Comparing the surviving fossil mammal specimens collected by Charles Darwin during the Voyage of the Beagle with original drawings and casts of the specimens from 1837-1840, it is clear that some have sustained significant damage in the 185 years since they were collected.
Guest blog by Adrian Lister
When I first joined the Museum as a fossil mammal researcher in 2007, I received a set of keys that gave me access to much of the museum’s huge collection. Browsing one day, I opened an unremarkable cupboard and was startled to find six shelves of fossil bones with a sign reading ‘Charles Darwin, Beagle Voyage’. Continue reading “Darwin’s fossil mammals: discoveries that sparked the theory of evolution | Digital Collections Programme”
In 2014, Professor Adrian Lister began research for his book on the fossils collected by Charles Darwin on the Voyage of the Beagle. As part of his research, Professor Lister began to document the complex histories of these specimens from their point of collection to the present day. It soon became clear that the mammalian specimens had not been adequately documented or revised in the 185 years since their initial publication. This has meant that they have not been included in most modern scientific studies. This is despite the fact that the majority of the specimens in this collection are ‘type’ specimens (the reference specimens for that species), essential for scientific study of these species.
‘Cetacea’ is the collective order for all whales, dolphins and porpoises. We have more than 2,500 specimens in the Museum collection, at least 500 from the UK strandings programme. Cetaceans are great indicators of wider ocean health – if there’s a problem lower in the food chain, e.g. plastic pollution, it concentrates in cetaceans. If cetacean populations are healthy, so are our oceans. Continue reading “What is a Cetacean and why would you scan it? |Digital Collections Programme”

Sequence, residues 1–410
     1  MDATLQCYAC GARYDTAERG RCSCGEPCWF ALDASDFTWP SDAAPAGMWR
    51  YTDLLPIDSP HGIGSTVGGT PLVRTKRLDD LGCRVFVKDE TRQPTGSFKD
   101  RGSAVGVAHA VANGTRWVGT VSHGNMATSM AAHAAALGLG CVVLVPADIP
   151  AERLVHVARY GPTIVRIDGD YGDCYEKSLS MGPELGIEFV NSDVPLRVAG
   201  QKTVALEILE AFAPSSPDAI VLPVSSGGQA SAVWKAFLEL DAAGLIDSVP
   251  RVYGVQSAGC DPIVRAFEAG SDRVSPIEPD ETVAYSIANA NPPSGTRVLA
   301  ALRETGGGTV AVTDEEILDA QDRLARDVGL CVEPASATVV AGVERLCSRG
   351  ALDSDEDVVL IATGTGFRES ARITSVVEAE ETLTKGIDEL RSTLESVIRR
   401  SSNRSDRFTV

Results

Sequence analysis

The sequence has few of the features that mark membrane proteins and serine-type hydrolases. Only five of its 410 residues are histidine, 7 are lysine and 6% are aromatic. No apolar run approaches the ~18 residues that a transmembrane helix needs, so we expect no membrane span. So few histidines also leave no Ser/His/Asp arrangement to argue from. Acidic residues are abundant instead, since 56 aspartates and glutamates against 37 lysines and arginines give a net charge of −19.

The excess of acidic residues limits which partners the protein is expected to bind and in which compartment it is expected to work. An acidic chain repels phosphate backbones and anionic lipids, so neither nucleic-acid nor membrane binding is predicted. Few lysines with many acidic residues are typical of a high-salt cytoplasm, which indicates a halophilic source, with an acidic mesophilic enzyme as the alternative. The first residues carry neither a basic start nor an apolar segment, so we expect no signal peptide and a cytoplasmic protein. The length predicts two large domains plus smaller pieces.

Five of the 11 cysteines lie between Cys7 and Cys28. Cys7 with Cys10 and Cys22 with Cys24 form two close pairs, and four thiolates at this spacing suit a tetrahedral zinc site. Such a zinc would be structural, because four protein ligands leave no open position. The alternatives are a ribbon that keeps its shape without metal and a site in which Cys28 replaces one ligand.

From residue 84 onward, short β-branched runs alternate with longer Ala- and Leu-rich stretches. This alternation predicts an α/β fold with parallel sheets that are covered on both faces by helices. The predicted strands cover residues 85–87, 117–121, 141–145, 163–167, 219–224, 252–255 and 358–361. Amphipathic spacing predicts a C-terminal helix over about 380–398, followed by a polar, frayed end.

Sir Joseph Banks, Born 24 February 1743 was a collector of natural history specimens. He was an avid botanist and his collection included a significant collection of insects. Continue reading “Bringing Joseph Banks into the 21st Century | Digital Collection Programme”
In collaboration with the NGO Ecotourism and Conservation Society Malaysia (ECOMY) we have begun a new digitisation project to digitise the Museum’s collections that occur in Malaysia and its surrounding regions.
This project will image representatives for each species across a range of insect groups and will release the digitised specimens openly on the Museum’s Data Portal. In addition, we will be digitally sharing these specimens and their data to our Malaysian colleagues for use through their own online platforms.
The Digital Collections Programme has completed four crowdsourcing projects in 2017. We wanted to say a massive thank-you to the 2,000+ volunteers who together have helped us to capture data from over 15,000 specimens this year. You have made a significant contribution to Science.
We can digitally image individual microscope slides at a rate of up to 1000 slides per day, but we still need help with capturing the label information on each slide. Transcription is an essential part of our digitisation process.